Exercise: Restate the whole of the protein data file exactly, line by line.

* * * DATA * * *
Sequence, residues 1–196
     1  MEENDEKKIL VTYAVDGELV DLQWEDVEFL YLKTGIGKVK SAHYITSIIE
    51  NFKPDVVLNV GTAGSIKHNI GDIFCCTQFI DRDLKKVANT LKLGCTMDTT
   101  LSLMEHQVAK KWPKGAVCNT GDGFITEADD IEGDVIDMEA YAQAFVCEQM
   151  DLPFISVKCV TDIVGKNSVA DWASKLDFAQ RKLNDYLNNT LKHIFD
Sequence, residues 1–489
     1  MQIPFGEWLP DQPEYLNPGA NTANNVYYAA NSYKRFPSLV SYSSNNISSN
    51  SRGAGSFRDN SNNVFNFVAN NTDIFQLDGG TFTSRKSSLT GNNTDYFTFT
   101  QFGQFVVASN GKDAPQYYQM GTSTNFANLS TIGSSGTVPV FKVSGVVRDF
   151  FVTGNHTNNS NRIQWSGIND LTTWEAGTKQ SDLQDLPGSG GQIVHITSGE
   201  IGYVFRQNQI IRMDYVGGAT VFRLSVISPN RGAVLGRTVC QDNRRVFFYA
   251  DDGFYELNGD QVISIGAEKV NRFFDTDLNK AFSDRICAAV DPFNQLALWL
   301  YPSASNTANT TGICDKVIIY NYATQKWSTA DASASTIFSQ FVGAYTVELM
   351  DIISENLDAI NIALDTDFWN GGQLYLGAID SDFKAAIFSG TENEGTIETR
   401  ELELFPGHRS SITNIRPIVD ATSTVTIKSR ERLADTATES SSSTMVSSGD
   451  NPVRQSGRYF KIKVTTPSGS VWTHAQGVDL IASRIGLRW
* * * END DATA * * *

Sequence, residues 1–196
     1  MEENDEKKIL VTYAVDGELV DLQWEDVEFL YLKTGIGKVK SAHYITSIIE
    51  NFKPDVVLNV GTAGSIKHNI GDIFCCTQFI DRDLKKVANT LKLGCTMDTT
   101  LSLMEHQVAK KWPKGAVCNT GDGFITEADD IEGDVIDMEA YAQAFVCEQM
   151  DLPFISVKCV TDIVGKNSVA DWASKLDFAQ RKLNDYLNNT LKHIFD
Sequence, residues 1–489
     1  MQIPFGEWLP DQPEYLNPGA NTANNVYYAA NSYKRFPSLV SYSSNNISSN
    51  SRGAGSFRDN SNNVFNFVAN NTDIFQLDGG TFTSRKSSLT GNNTDYFTFT
   101  QFGQFVVASN GKDAPQYYQM GTSTNFANLS TIGSSGTVPV FKVSGVVRDF
   151  FVTGNHTNNS NRIQWSGIND LTTWEAGTKQ SDLQDLPGSG GQIVHITSGE
   201  IGYVFRQNQI IRMDYVGGAT VFRLSVISPN RGAVLGRTVC QDNRRVFFYA
   251  DDGFYELNGD QVISIGAEKV NRFFDTDLNK AFSDRICAAV DPFNQLALWL
   301  YPSASNTANT TGICDKVIIY NYATQKWSTA DASASTIFSQ FVGAYTVELM
   351  DIISENLDAI NIALDTDFWN GGQLYLGAID SDFKAAIFSG TENEGTIETR
   401  ELELFPGHRS SITNIRPIVD ATSTVTIKSR ERLADTATES SSSTMVSSGD
   451  NPVRQSGRYF KIKVTTPSGS VWTHAQGVDL IASRIGLRW